A levy may be transmitted to FMS without issuing a Final Notice if you or your predecessor is a Federal contractor.The Small Business Jobs Act of 2010 amended IRC Section 6330(f) and permits the IRS to issue such a levy.  We will send you a post levy notice, Notice of Levy and Notice of Your Right to a Hearing, CP 90C or CP 297C.

From that point on, FMS may reduce any federal payments subject to the levy by 15 percent, or the exact amount of tax owed if it is less than 15 percent of the payment.  Some contract/vendor payments, however, will be reduced by 100 percent, or the exact amount of tax owed. The levy is continuous until your overdue taxes are paid in full, or other arrangements are made to satisfy the debt. Each time your federal payment is levied, FMS will send you a letter of explanation, including information on which federal payment was levied, and advise you to contact us for resolution.

Contact us toll-free at 1-800-829-7650 or 1-800-829-3903 to resolve the issue by paying the tax bill, entering into an installment agreement, or proposing an Offer in Compromise. Please do not contact the FMS, OPM, SSA, or any other federal agency. See Topic 202, What to Do if You Can't Pay Your Tax, and Topic 204, Offers In Compromise, for additional information.

 

Page Last Reviewed or Updated: 07-Jan-2014

The How To File Tax Extention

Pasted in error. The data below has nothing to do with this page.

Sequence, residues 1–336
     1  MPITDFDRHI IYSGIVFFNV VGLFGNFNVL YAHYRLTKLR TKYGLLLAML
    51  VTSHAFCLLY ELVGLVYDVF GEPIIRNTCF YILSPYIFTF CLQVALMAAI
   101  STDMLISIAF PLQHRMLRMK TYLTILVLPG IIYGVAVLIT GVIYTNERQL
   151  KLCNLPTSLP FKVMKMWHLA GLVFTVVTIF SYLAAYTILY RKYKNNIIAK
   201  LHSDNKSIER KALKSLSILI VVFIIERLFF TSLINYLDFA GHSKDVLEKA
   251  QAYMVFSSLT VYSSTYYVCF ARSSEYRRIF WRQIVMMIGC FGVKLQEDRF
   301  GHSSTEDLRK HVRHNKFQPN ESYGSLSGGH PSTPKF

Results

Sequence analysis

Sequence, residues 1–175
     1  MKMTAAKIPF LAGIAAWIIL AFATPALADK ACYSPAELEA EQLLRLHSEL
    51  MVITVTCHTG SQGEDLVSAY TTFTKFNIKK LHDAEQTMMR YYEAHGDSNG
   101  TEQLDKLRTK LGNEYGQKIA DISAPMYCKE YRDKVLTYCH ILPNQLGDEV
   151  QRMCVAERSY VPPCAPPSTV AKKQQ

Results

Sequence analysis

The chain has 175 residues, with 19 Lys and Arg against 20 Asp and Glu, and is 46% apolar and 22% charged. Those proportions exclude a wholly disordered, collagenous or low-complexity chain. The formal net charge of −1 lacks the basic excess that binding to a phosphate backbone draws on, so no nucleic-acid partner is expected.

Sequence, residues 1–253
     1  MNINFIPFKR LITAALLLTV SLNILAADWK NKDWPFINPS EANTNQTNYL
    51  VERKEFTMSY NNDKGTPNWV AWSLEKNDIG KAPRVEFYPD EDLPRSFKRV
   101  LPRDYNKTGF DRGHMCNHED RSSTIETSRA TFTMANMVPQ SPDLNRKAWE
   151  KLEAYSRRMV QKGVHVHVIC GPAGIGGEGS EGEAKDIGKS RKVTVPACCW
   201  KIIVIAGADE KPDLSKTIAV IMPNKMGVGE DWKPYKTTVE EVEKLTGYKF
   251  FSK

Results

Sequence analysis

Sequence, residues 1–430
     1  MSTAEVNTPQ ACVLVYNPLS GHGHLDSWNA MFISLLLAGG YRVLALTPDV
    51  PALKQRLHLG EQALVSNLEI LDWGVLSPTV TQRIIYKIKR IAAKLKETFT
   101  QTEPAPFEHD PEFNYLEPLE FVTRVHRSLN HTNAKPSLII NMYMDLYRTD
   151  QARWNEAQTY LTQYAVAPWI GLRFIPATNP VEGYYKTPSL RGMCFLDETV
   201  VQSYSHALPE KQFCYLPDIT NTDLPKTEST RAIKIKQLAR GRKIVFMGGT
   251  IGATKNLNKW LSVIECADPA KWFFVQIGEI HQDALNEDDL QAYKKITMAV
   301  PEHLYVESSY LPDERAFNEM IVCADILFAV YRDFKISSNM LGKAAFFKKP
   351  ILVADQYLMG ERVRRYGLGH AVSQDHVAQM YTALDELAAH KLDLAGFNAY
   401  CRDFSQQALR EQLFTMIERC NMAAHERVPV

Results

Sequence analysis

How to file tax extention 13. How to file tax extention   Basis of Property Table of Contents Introduction Useful Items - You may want to see: Cost BasisReal Property Adjusted BasisIncreases to Basis Decreases to Basis Basis Other Than CostProperty Received for Services Taxable Exchanges Involuntary Conversions Nontaxable Exchanges Property Transferred From a Spouse Property Received as a Gift Inherited Property Property Changed From Personal to Business or Rental Use Stocks and Bonds Introduction This chapter discusses how to figure your basis in property. How to file tax extention It is divided into the following sections. How to file tax extention Cost basis. How to file tax extention Adjusted basis. How to file tax extention Basis other than cost. How to file tax extention Your basis is the amount of your investment in property for tax purposes. How to file tax extention Use the basis to figure gain or loss on the sale, exchange, or other disposition of property. How to file tax extention Also use it to figure deductions for depreciation, amortization, depletion, and casualty losses. How to file tax extention If you use property for both business or investment purposes and for personal purposes, you must allocate the basis based on the use. How to file tax extention Only the basis allocated to the business or investment use of the property can be depreciated. How to file tax extention Your original basis in property is adjusted (increased or decreased) by certain events. How to file tax extention For example, if you make improvements to the property, increase your basis. How to file tax extention If you take deductions for depreciation or casualty losses, or claim certain credits, reduce your basis. How to file tax extention Keep accurate records of all items that affect the basis of your property. How to file tax extention For more information on keeping records, see chapter 1. How to file tax extention Useful Items - You may want to see: Publication 15-B Employer's Tax Guide to Fringe Benefits 525 Taxable and Nontaxable Income 535 Business Expenses 537 Installment Sales 544 Sales and Other Dispositions of Assets 550 Investment Income and Expenses 551 Basis of Assets 946 How To Depreciate Property Cost Basis The basis of property you buy is usually its cost. How to file tax extention The cost is the amount you pay in cash, debt obligations, other property, or services. How to file tax extention Your cost also includes amounts you pay for the following items: Sales tax, Freight, Installation and testing, Excise taxes, Legal and accounting fees (when they must be capitalized), Revenue stamps, Recording fees, and Real estate taxes (if you assume liability for the seller). How to file tax extention In addition, the basis of real estate and business assets may include other items. How to file tax extention Loans with low or no interest. How to file tax extention    If you buy property on a time-payment plan that charges little or no interest, the basis of your property is your stated purchase price minus any amount considered to be unstated interest. How to file tax extention You generally have unstated interest if your interest rate is less than the applicable federal rate. How to file tax extention   For more information, see Unstated Interest and Original Issue Discount (OID) in Publication 537. How to file tax extention Real Property Real property, also called real estate, is land and generally anything built on, growing on, or attached to land. How to file tax extention If you buy real property, certain fees and other expenses you pay are part of your cost basis in the property. How to file tax extention Lump sum purchase. How to file tax extention   If you buy buildings and the land on which they stand for a lump sum, allocate the cost basis among the land and the buildings. How to file tax extention Allocate the cost basis according to the respective fair market values (FMVs) of the land and buildings at the time of purchase. How to file tax extention Figure the basis of each asset by multiplying the lump sum by a fraction. How to file tax extention The numerator is the FMV of that asset and the denominator is the FMV of the whole property at the time of purchase. How to file tax extention    If you are not certain of the FMVs of the land and buildings, you can allocate the basis according to their assessed values for real estate tax purposes. How to file tax extention Fair market value (FMV). How to file tax extention   FMV is the price at which the property would change hands between a willing buyer and a willing seller, neither having to buy or sell, and both having reasonable knowledge of all the necessary facts. How to file tax extention Sales of similar property on or about the same date may be helpful in figuring the FMV of the property. How to file tax extention Assumption of mortgage. How to file tax extention   If you buy property and assume (or buy the property subject to) an existing mortgage on the property, your basis includes the amount you pay for the property plus the amount to be paid on the mortgage. How to file tax extention Settlement costs. How to file tax extention   Your basis includes the settlement fees and closing costs you paid for buying the property. How to file tax extention (A fee for buying property is a cost that must be paid even if you buy the property for cash. How to file tax extention ) Do not include fees and costs for getting a loan on the property in your basis. How to file tax extention   The following are some of the settlement fees or closing costs you can include in the basis of your property. How to file tax extention Abstract fees (abstract of title fees). How to file tax extention Charges for installing utility services. How to file tax extention Legal fees (including fees for the title search and preparation of the sales contract and deed). How to file tax extention Recording fees. How to file tax extention Survey fees. How to file tax extention Transfer taxes. How to file tax extention Owner's title insurance. How to file tax extention Any amounts the seller owes that you agree to pay, such as back taxes or interest, recording or mortgage fees, charges for improvements or repairs, and sales commissions. How to file tax extention   Settlement costs do not include amounts placed in escrow for the future payment of items such as taxes and insurance. How to file tax extention   The following are some of the settlement fees and closing costs you cannot include in the basis of property. How to file tax extention Casualty insurance premiums. How to file tax extention Rent for occupancy of the property before closing. How to file tax extention Charges for utilities or other services related to occupancy of the property before closing. How to file tax extention Charges connected with getting a loan, such as points (discount points, loan origination fees), mortgage insurance premiums, loan assumption fees, cost of a credit report, and fees for an appraisal required by a lender. How to file tax extention Fees for refinancing a mortgage. How to file tax extention Real estate taxes. How to file tax extention   If you pay real estate taxes the seller owed on real property you bought, and the seller did not reimburse you, treat those taxes as part of your basis. How to file tax extention You cannot deduct them as an expense. How to file tax extention    If you reimburse the seller for taxes the seller paid for you, you can usually deduct that amount as an expense in the year of purchase. How to file tax extention Do not include that amount in the basis of your property. How to file tax extention If you did not reimburse the seller, you must reduce your basis by the amount of those taxes. How to file tax extention Points. How to file tax extention   If you pay points to get a loan (including a mortgage, second mortgage, line of credit, or a home equity loan), do not add the points to the basis of the related property. How to file tax extention Generally, you deduct the points over the term of the loan. How to file tax extention For more information on how to deduct points, see chapter 23. How to file tax extention Points on home mortgage. How to file tax extention   Special rules may apply to points you and the seller pay when you get a mortgage to buy your main home. How to file tax extention If certain requirements are met, you can deduct the points in full for the year in which they are paid. How to file tax extention Reduce the basis of your home by any seller-paid points. How to file tax extention Adjusted Basis Before figuring gain or loss on a sale, exchange, or other disposition of property or figuring allowable depreciation, depletion, or amortization, you must usually make certain adjustments (increases and decreases) to the cost basis or basis other than cost (discussed later) of the property. How to file tax extention The result is the adjusted basis. How to file tax extention Increases to Basis Increase the basis of any property by all items properly added to a capital account. How to file tax extention Examples of items that increase basis are shown in Table 13-1. How to file tax extention These include the items discussed below. How to file tax extention Improvements. How to file tax extention   Add to your basis in property the cost of improvements having a useful life of more than 1 year, that increase the value of the property, lengthen its life, or adapt it to a different use. How to file tax extention For example, improvements include putting a recreation room in your unfinished basement, adding another bathroom or bedroom, putting up a fence, putting in new plumbing or wiring, installing a new roof, or paving your driveway. How to file tax extention Assessments for local improvements. How to file tax extention   Add to the basis of property assessments for improvements such as streets and sidewalks if they increase the value of the property assessed. How to file tax extention Do not deduct them as taxes. How to file tax extention However, you can deduct as taxes assessments for maintenance or repairs, or for meeting interest charges related to the improvements. How to file tax extention Example. How to file tax extention Your city changes the street in front of your store into an enclosed pedestrian mall and assesses you and other affected property owners for the cost of the conversion. How to file tax extention Add the assessment to your property's basis. How to file tax extention In this example, the assessment is a depreciable asset. How to file tax extention Decreases to Basis Decrease the basis of any property by all items that represent a return of capital for the period during which you held the property. How to file tax extention Examples of items that decrease basis are shown in Table 13-1. How to file tax extention These include the items discussed below. How to file tax extention Table 13-1. How to file tax extention Examples of Adjustments to Basis Increases to Basis Decreases to Basis • Capital improvements: • Exclusion from income of   Putting an addition on your home subsidies for energy conservation   Replacing an entire roof measures   Paving your driveway     Installing central air conditioning • Casualty or theft loss deductions   Rewiring your home and insurance reimbursements       • Assessments for local improvements:     Water connections     Extending utility service lines to the property • Postponed gain from the sale of a home   Sidewalks • Alternative motor vehicle credit  (Form 8910)   Roads       • Alternative fuel vehicle refueling     property credit (Form 8911)           • Residential energy credits (Form 5695)       • Casualty losses: • Depreciation and section 179 deduction   Restoring damaged property     • Nontaxable corporate distributions • Legal fees:     Cost of defending and perfecting a title • Certain canceled debt excluded from   Fees for getting a reduction of an assessment income     • Zoning costs • Easements           • Adoption tax benefits Casualty and theft losses. How to file tax extention   If you have a casualty or theft loss, decrease the basis in your property by any insurance proceeds or other reimbursement and by any deductible loss not covered by insurance. How to file tax extention    You must increase your basis in the property by the amount you spend on repairs that restore the property to its pre-casualty condition. How to file tax extention   For more information on casualty and theft losses, see chapter 25. How to file tax extention Depreciation and section 179 deduction. How to file tax extention   Decrease the basis of your qualifying business property by any section 179 deduction you take and the depreciation you deducted, or could have deducted (including any special depreciation allowance), on your tax returns under the method of depreciation you selected. How to file tax extention   For more information about depreciation and the section 179 deduction, see Publication 946 and the Instructions for Form 4562. How to file tax extention Example. How to file tax extention You owned a duplex used as rental property that cost you $40,000, of which $35,000 was allocated to the building and $5,000 to the land. How to file tax extention You added an improvement to the duplex that cost $10,000. How to file tax extention In February last year, the duplex was damaged by fire. How to file tax extention Up to that time, you had been allowed depreciation of $23,000. How to file tax extention You sold some salvaged material for $1,300 and collected $19,700 from your insurance company. How to file tax extention You deducted a casualty loss of $1,000 on your income tax return for last year. How to file tax extention You spent $19,000 of the insurance proceeds for restoration of the duplex, which was completed this year. How to file tax extention You must use the duplex's adjusted basis after the restoration to determine depreciation for the rest of the property's recovery period. How to file tax extention Figure the adjusted basis of the duplex as follows: Original cost of duplex $35,000 Addition to duplex 10,000 Total cost of duplex $45,000 Minus: Depreciation 23,000 Adjusted basis before casualty $22,000 Minus: Insurance proceeds $19,700     Deducted casualty loss 1,000     Salvage proceeds 1,300 22,000 Adjusted basis after casualty $-0- Add: Cost of restoring duplex 19,000 Adjusted basis after restoration $19,000 Note. How to file tax extention Your basis in the land is its original cost of $5,000. How to file tax extention Easements. How to file tax extention   The amount you receive for granting an easement is generally considered to be proceeds from the sale of an interest in real property. How to file tax extention It reduces the basis of the affected part of the property. How to file tax extention If the amount received is more than the basis of the part of the property affected by the easement, reduce your basis in that part to zero and treat the excess as a recognized gain. How to file tax extention   If the gain is on a capital asset, see chapter 16 for information about how to report it. How to file tax extention If the gain is on property used in a trade or business, see Publication 544 for information about how to report it. How to file tax extention Exclusion of subsidies for energy conservation measures. How to file tax extention   You can exclude from gross income any subsidy you received from a public utility company for the purchase or installation of an energy conservation measure for a dwelling unit. How to file tax extention Reduce the basis of the property for which you received the subsidy by the excluded amount. How to file tax extention For more information about this subsidy, see chapter 12. How to file tax extention Postponed gain from sale of home. How to file tax extention    If you postponed gain from the sale of your main home under rules in effect before May 7, 1997, you must reduce the basis of the home you acquired as a replacement by the amount of the postponed gain. How to file tax extention For more information on the rules for the sale of a home, see chapter 15. How to file tax extention Basis Other Than Cost There are many times when you cannot use cost as basis. How to file tax extention In these cases, the fair market value or the adjusted basis of the property can be used. How to file tax extention Fair market value (FMV) and adjusted basis were discussed earlier. How to file tax extention Property Received for Services If you receive property for your services, include the FMV of the property in income. How to file tax extention The amount you include in income becomes your basis. How to file tax extention If the services were performed for a price agreed on beforehand, it will be accepted as the FMV of the property if there is no evidence to the contrary. How to file tax extention Restricted property. How to file tax extention   If you receive property for your services and the property is subject to certain restrictions, your basis in the property is its FMV when it becomes substantially vested. How to file tax extention However, this rule does not apply if you make an election to include in income the FMV of the property at the time it is transferred to you, less any amount you paid for it. How to file tax extention Property is substantially vested when it is transferable or when it is not subject to a substantial risk of forfeiture (you do not have a good chance of losing it). How to file tax extention For more information, see Restricted Property in Publication 525. How to file tax extention Bargain purchases. How to file tax extention   A bargain purchase is a purchase of an item for less than its FMV. How to file tax extention If, as compensation for services, you buy goods or other property at less than FMV, include the difference between the purchase price and the property's FMV in your income. How to file tax extention Your basis in the property is its FMV (your purchase price plus the amount you include in income). How to file tax extention   If the difference between your purchase price and the FMV is a qualified employee discount, do not include the difference in income. How to file tax extention However, your basis in the property is still its FMV. How to file tax extention See Employee Discounts in Publication 15-B. How to file tax extention Taxable Exchanges A taxable exchange is one in which the gain is taxable or the loss is deductible. How to file tax extention A taxable gain or deductible loss also is known as a recognized gain or loss. How to file tax extention If you receive property in exchange for other property in a taxable exchange, the basis of the property you receive is usually its FMV at the time of the exchange. How to file tax extention Involuntary Conversions If you receive replacement property as a result of an involuntary conversion, such as a casualty, theft, or condemnation, figure the basis of the replacement property using the basis of the converted property. How to file tax extention Similar or related property. How to file tax extention   If you receive replacement property similar or related in service or use to the converted property, the replacement property's basis is the same as the converted property's basis on the date of the conversion, with the following adjustments. How to file tax extention Decrease the basis by the following. How to file tax extention Any loss you recognize on the involuntary conversion. How to file tax extention Any money you receive that you do not spend on similar property. How to file tax extention Increase the basis by the following. How to file tax extention Any gain you recognize on the involuntary conversion. How to file tax extention Any cost of acquiring the replacement property. How to file tax extention Money or property not similar or related. How to file tax extention    If you receive money or property not similar or related in service or use to the converted property, and you buy replacement property similar or related in service or use to the converted property, the basis of the replacement property is its cost decreased by the gain not recognized on the conversion. How to file tax extention Example. How to file tax extention The state condemned your property. How to file tax extention The adjusted basis of the property was $26,000 and the state paid you $31,000 for it. How to file tax extention You realized a gain of $5,000 ($31,000 − $26,000). How to file tax extention You bought replacement property similar in use to the converted property for $29,000. How to file tax extention You recognize a gain of $2,000 ($31,000 − $29,000), the unspent part of the payment from the state. How to file tax extention Your unrecognized gain is $3,000, the difference between the $5,000 realized gain and the $2,000 recognized gain. How to file tax extention The basis of the replacement property is figured as follows: Cost of replacement property $29,000 Minus: Gain not recognized 3,000 Basis of replacement property $26,000 Allocating the basis. How to file tax extention   If you buy more than one piece of replacement property, allocate your basis among the properties based on their respective costs. How to file tax extention Basis for depreciation. How to file tax extention   Special rules apply in determining and depreciating the basis of MACRS property acquired in an involuntary conversion. How to file tax extention For information, see What Is the Basis of Your Depreciable Property? in chapter 1 of Publication 946. How to file tax extention Nontaxable Exchanges A nontaxable exchange is an exchange in which you are not taxed on any gain and you cannot deduct any loss. How to file tax extention If you receive property in a nontaxable exchange, its basis is generally the same as the basis of the property you transferred. How to file tax extention See Nontaxable Trades in chapter 14. How to file tax extention Like-Kind Exchanges The exchange of property for the same kind of property is the most common type of nontaxable exchange. How to file tax extention To qualify as a like-kind exchange, the property traded and the property received must be both of the following. How to file tax extention Qualifying property. How to file tax extention Like-kind property. How to file tax extention The basis of the property you receive is generally the same as the adjusted basis of the property you gave up. How to file tax extention If you trade property in a like-kind exchange and also pay money, the basis of the property received is the adjusted basis of the property you gave up increased by the money you paid. How to file tax extention Qualifying property. How to file tax extention   In a like-kind exchange, you must hold for investment or for productive use in your trade or business both the property you give up and the property you receive. How to file tax extention Like-kind property. How to file tax extention   There must be an exchange of like-kind property. How to file tax extention Like-kind properties are properties of the same nature or character, even if they differ in grade or quality. How to file tax extention The exchange of real estate for real estate and personal property for similar personal property are exchanges of like-kind property. How to file tax extention Example. How to file tax extention You trade in an old truck used in your business with an adjusted basis of $1,700 for a new one costing $6,800. How to file tax extention The dealer allows you $2,000 on the old truck, and you pay $4,800. How to file tax extention This is a like-kind exchange. How to file tax extention The basis of the new truck is $6,500 (the adjusted basis of the old one, $1,700, plus the amount you paid, $4,800). How to file tax extention If you sell your old truck to a third party for $2,000 instead of trading it in and then buy a new one from the dealer, you have a taxable gain of $300 on the sale (the $2,000 sale price minus the $1,700 adjusted basis). How to file tax extention The basis of the new truck is the price you pay the dealer. How to file tax extention Partially nontaxable exchanges. How to file tax extention   A partially nontaxable exchange is an exchange in which you receive unlike property or money in addition to like-kind property. How to file tax extention The basis of the property you receive is the same as the adjusted basis of the property you gave up, with the following adjustments. How to file tax extention Decrease the basis by the following amounts. How to file tax extention Any money you receive. How to file tax extention Any loss you recognize on the exchange. How to file tax extention Increase the basis by the following amounts. How to file tax extention Any additional costs you incur. How to file tax extention Any gain you recognize on the exchange. How to file tax extention If the other party to the exchange assumes your liabilities, treat the debt assumption as money you received in the exchange. How to file tax extention Allocation of basis. How to file tax extention   If you receive like-kind and unlike properties in the exchange, allocate the basis first to the unlike property, other than money, up to its FMV on the date of the exchange. How to file tax extention The rest is the basis of the like-kind property. How to file tax extention More information. How to file tax extention   See Like-Kind Exchanges in chapter 1 of Publication 544 for more information. How to file tax extention Basis for depreciation. How to file tax extention   Special rules apply in determining and depreciating the basis of MACRS property acquired in a like-kind exchange. How to file tax extention For information, see What Is the Basis of Your Depreciable Property? in chapter 1 of Publication 946. How to file tax extention Property Transferred From a Spouse The basis of property transferred to you or transferred in trust for your benefit by your spouse is the same as your spouse's adjusted basis. How to file tax extention The same rule applies to a transfer by your former spouse that is incident to divorce. How to file tax extention However, for property transferred in trust, adjust your basis for any gain recognized by your spouse or former spouse if the liabilities assumed, plus the liabilities to which the property is subject, are more than the adjusted basis of the property transferred. How to file tax extention If the property transferred to you is a series E, series EE, or series I U. How to file tax extention S. How to file tax extention savings bond, the transferor must include in income the interest accrued to the date of transfer. How to file tax extention Your basis in the bond immediately after the transfer is equal to the transferor's basis increased by the interest income includible in the transferor's income. How to file tax extention For more information on these bonds, see chapter 7. How to file tax extention At the time of the transfer, the transferor must give you the records needed to determine the adjusted basis and holding period of the property as of the date of the transfer. How to file tax extention For more information about the transfer of property from a spouse, see chapter 14. How to file tax extention Property Received as a Gift To figure the basis of property you receive as a gift, you must know its adjusted basis to the donor just before it was given to you, its FMV at the time it was given to you, and any gift tax paid on it. How to file tax extention FMV less than donor's adjusted basis. How to file tax extention   If the FMV of the property at the time of the gift is less than the donor's adjusted basis, your basis depends on whether you have a gain or a loss when you dispose of the property. How to file tax extention Your basis for figuring gain is the same as the donor's adjusted basis plus or minus any required adjustments to basis while you held the property. How to file tax extention Your basis for figuring loss is its FMV when you received the gift plus or minus any required adjustments to basis while you held the property. How to file tax extention See Adjusted Basis , earlier. How to file tax extention Example. How to file tax extention You received an acre of land as a gift. How to file tax extention At the time of the gift, the land had an FMV of $8,000. How to file tax extention The donor's adjusted basis was $10,000. How to file tax extention After you received the property, no events occurred to increase or decrease your basis. How to file tax extention If you later sell the property for $12,000, you will have a $2,000 gain because you must use the donor's adjusted basis at the time of the gift ($10,000) as your basis to figure gain. How to file tax extention If you sell the property for $7,000, you will have a $1,000 loss because you must use the FMV at the time of the gift ($8,000) as your basis to figure loss. How to file tax extention If the sales price is between $8,000 and $10,000, you have neither gain nor loss. How to file tax extention Business property. How to file tax extention   If you hold the gift as business property, your basis for figuring any depreciation, depletion, or amortization deductions is the same as the donor's adjusted basis plus or minus any required adjustments to basis while you hold the property. How to file tax extention FMV equal to or greater than donor's adjusted basis. How to file tax extention   If the FMV of the property is equal to or greater than the donor's adjusted basis, your basis is the donor's adjusted basis at the time you received the gift. How to file tax extention Increase your basis by all or part of any gift tax paid, depending on the date of the gift, explained later. How to file tax extention   Also, for figuring gain or loss from a sale or other disposition or for figuring depreciation, depletion, or amortization deductions on business property, you must increase or decrease your basis (the donor's adjusted basis) by any required adjustments to basis while you held the property. How to file tax extention See Adjusted Basis , earlier. How to file tax extention   If you received a gift during the tax year, increase your basis in the gift (the donor's adjusted basis) by the part of the gift tax paid on it due to the net increase in value of the gift. How to file tax extention Figure the increase by multiplying the gift tax paid by a fraction. How to file tax extention The numerator of the fraction is the net increase in value of the gift and the denominator is the amount of the gift. How to file tax extention   The net increase in value of the gift is the FMV of the gift minus the donor's adjusted basis. How to file tax extention The amount of the gift is its value for gift tax purposes after reduction by any annual exclusion and marital or charitable deduction that applies to the gift. How to file tax extention Example. How to file tax extention In 2013, you received a gift of property from your mother that had an FMV of $50,000. How to file tax extention Her adjusted basis was $20,000. How to file tax extention The amount of the gift for gift tax purposes was $36,000 ($50,000 minus the $14,000 annual exclusion). How to file tax extention She paid a gift tax of $7,320 on the property. How to file tax extention Your basis is $26,076, figured as follows: Fair market value $50,000 Minus: Adjusted basis −20,000 Net increase in value $30,000     Gift tax paid $7,320 Multiplied by ($30,000 ÷ $36,000) × . How to file tax extention 83 Gift tax due to net increase in value $6,076 Adjusted basis of property to your mother +20,000 Your basis in the property $26,076 Note. How to file tax extention If you received a gift before 1977, your basis in the gift (the donor's adjusted basis) includes any gift tax paid on it. How to file tax extention However, your basis cannot exceed the FMV of the gift at the time it was given to you. How to file tax extention Inherited Property Your basis in property you inherited from a decedent, who died before January 1, 2010, or after December 31, 2010, is generally one of the following: The FMV of the property at the date of the decedent's death. How to file tax extention The FMV on the alternate valuation date if the personal representative for the estate elects to use alternate valuation. How to file tax extention The value under the special-use valuation method for real property used in farming or a closely held business if elected for estate tax purposes. How to file tax extention The decedent's adjusted basis in land to the extent of the value excluded from the decedent's taxable estate as a qualified conservation easement. How to file tax extention If a federal estate tax return does not have to be filed, your basis in the inherited property is its appraised value at the date of death for state inheritance or transmission taxes. How to file tax extention For more information, see the instructions to Form 706, United States Estate (and Generation-Skipping Transfer) Tax Return. How to file tax extention Property inherited from a decedent who died in 2010. How to file tax extention   If you inherited property from a decedent who died in 2010, special rules may apply. How to file tax extention For more information, see Publication 4895, Tax Treatment of Property Acquired From a Decedent Dying in 2010. How to file tax extention Community property. How to file tax extention   In community property states (Arizona, California, Idaho, Louisiana, Nevada, New Mexico, Texas, Washington, and Wisconsin), husband and wife are each usually considered to own half the community property. How to file tax extention When either spouse dies, the total value of the community property, even the part belonging to the surviving spouse, generally becomes the basis of the entire property. How to file tax extention For this rule to apply, at least half the value of the community property interest must be includible in the decedent's gross estate, whether or not the estate must file a return. How to file tax extention Example. How to file tax extention You and your spouse owned community property that had a basis of $80,000. How to file tax extention When your spouse died, half the FMV of the community interest was includible in your spouse's estate. How to file tax extention The FMV of the community interest was $100,000. How to file tax extention The basis of your half of the property after the death of your spouse is $50,000 (half of the $100,000 FMV). How to file tax extention The basis of the other half to your spouse's heirs is also $50,000. How to file tax extention For more information about community property, see Publication 555, Community Property. How to file tax extention Property Changed From Personal to Business or Rental Use If you hold property for personal use and then change it to business use or use it to produce rent, you can begin to depreciate the property at the time of the change. How to file tax extention To do so, you must figure its basis for depreciation at the time of the change. How to file tax extention An example of changing property held for personal use to business or rental use would be renting out your former personal residence. How to file tax extention Basis for depreciation. How to file tax extention   The basis for depreciation is the lesser of the following amounts. How to file tax extention The FMV of the property on the date of the change. How to file tax extention Your adjusted basis on the date of the change. How to file tax extention Example. How to file tax extention Several years ago, you paid $160,000 to have your house built on a lot that cost $25,000. How to file tax extention You paid $20,000 for permanent improvements to the house and claimed a $2,000 casualty loss deduction for damage to the house before changing the property to rental use last year. How to file tax extention Because land is not depreciable, you include only the cost of the house when figuring the basis for depreciation. How to file tax extention Your adjusted basis in the house when you changed its use was $178,000 ($160,000 + $20,000 − $2,000). How to file tax extention On the same date, your property had an FMV of $180,000, of which $15,000 was for the land and $165,000 was for the house. How to file tax extention The basis for figuring depreciation on the house is its FMV on the date of the change ($165,000) because it is less than your adjusted basis ($178,000). How to file tax extention Sale of property. How to file tax extention   If you later sell or dispose of property changed to business or rental use, the basis you use will depend on whether you are figuring gain or loss. How to file tax extention Gain. How to file tax extention   The basis for figuring a gain is your adjusted basis in the property when you sell the property. How to file tax extention Example. How to file tax extention Assume the same facts as in the previous example except that you sell the property at a gain after being allowed depreciation deductions of $37,500. How to file tax extention Your adjusted basis for figuring gain is $165,500 ($178,000 + $25,000 (land) − $37,500). How to file tax extention Loss. How to file tax extention   Figure the basis for a loss starting with the smaller of your adjusted basis or the FMV of the property at the time of the change to business or rental use. How to file tax extention Then make adjustments (increases and decreases) for the period after the change in the property's use, as discussed earlier under Adjusted Basis . How to file tax extention Example. How to file tax extention Assume the same facts as in the previous example, except that you sell the property at a loss after being allowed depreciation deductions of $37,500. How to file tax extention In this case, you would start with the FMV on the date of the change to rental use ($180,000), because it is less than the adjusted basis of $203,000 ($178,000 + $25,000 (land)) on that date. How to file tax extention Reduce that amount ($180,000) by the depreciation deductions ($37,500). How to file tax extention The basis for loss is $142,500 ($180,000 − $37,500). How to file tax extention Stocks and Bonds The basis of stocks or bonds you buy generally is the purchase price plus any costs of purchase, such as commissions and recording or transfer fees. How to file tax extention If you get stocks or bonds other than by purchase, your basis is usually determined by the FMV or the previous owner's adjusted basis, as discussed earlier. How to file tax extention You must adjust the basis of stocks for certain events that occur after purchase. How to file tax extention For example, if you receive additional stock from nontaxable stock dividends or stock splits, reduce your basis for each share of stock by dividing the adjusted basis of the old stock by the number of shares of old and new stock. How to file tax extention This rule applies only when the additional stock received is identical to the stock held. How to file tax extention Also reduce your basis when you receive nontaxable distributions. How to file tax extention They are a return of capital. How to file tax extention Example. How to file tax extention In 2011 you bought 100 shares of XYZ stock for $1,000 or $10 a share. How to file tax extention In 2012 you bought 100 shares of XYZ stock for $1,600 or $16 a share. How to file tax extention In 2013 XYZ declared a 2-for-1 stock split. How to file tax extention You now have 200 shares of stock with a basis of $5 a share and 200 shares with a basis of $8 a share. How to file tax extention Other basis. How to file tax extention   There are other ways to figure the basis of stocks or bonds depending on how you acquired them. How to file tax extention For detailed information, see Stocks and Bonds under Basis of Investment Property in chapter 4 of Publication 550. How to file tax extention Identifying stocks or bonds sold. How to file tax extention   If you can adequately identify the shares of stock or the bonds you sold, their basis is the cost or other basis of the particular shares of stocks or bonds. How to file tax extention If you buy and sell securities at various times in varying quantities and you cannot adequately identify the shares you sell, the basis of the securities you sell is the basis of the securities you acquired first. How to file tax extention For more information about identifying securities you sell, see Stocks and Bonds under Basis of Investment Property in chapter 4 of Publication 550. How to file tax extention Mutual fund shares. How to file tax extention   If you sell mutual fund shares you acquired at various times and prices and left on deposit in an account kept by a custodian or agent, you can elect to use an average basis. How to file tax extention For more information, see Publication 550. How to file tax extention Bond premium. How to file tax extention   If you buy a taxable bond at a premium and elect to amortize the premium, reduce the basis of the bond by the amortized premium you deduct each year. How to file tax extention See Bond Premium Amortization in chapter 3 of Publication 550 for more information. How to file tax extention Although you cannot deduct the premium on a tax-exempt bond, you must amortize the premium each year and reduce your basis in the bond by the amortized amount. How to file tax extention Original issue discount (OID) on debt instruments. How to file tax extention   You must increase your basis in an OID debt instrument by the OID you include in income for that instrument. How to file tax extention See Original Issue Discount (OID) in chapter 7 and Publication 1212, Guide To Original Issue Discount (OID) Instruments. How to file tax extention Tax-exempt obligations. How to file tax extention    OID on tax-exempt obligations is generally not taxable. How to file tax extention However, when you dispose of a tax-exempt obligation issued after September 3, 1982, and acquired after March 1, 1984, you must accrue OID on the obligation to determine its adjusted basis. How to file tax extention The accrued OID is added to the basis of the obligation to determine your gain or loss. How to file tax extention See chapter 4 of Publication 550. How to file tax extention Prev  Up  Next   Home   More Online Publications